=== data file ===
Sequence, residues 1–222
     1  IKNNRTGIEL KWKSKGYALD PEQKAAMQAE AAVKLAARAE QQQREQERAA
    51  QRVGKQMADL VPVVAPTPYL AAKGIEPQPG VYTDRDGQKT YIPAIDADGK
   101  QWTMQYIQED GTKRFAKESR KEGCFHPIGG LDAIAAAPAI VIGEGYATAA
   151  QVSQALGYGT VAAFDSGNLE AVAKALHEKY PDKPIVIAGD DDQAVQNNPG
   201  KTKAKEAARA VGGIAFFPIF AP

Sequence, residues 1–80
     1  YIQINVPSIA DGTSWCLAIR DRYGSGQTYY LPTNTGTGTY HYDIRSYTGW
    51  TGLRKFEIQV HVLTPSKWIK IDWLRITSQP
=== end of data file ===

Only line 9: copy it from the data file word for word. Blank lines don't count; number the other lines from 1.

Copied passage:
    51  TGLRKFEIQV HVLTPSKWIK IDWLRITSQP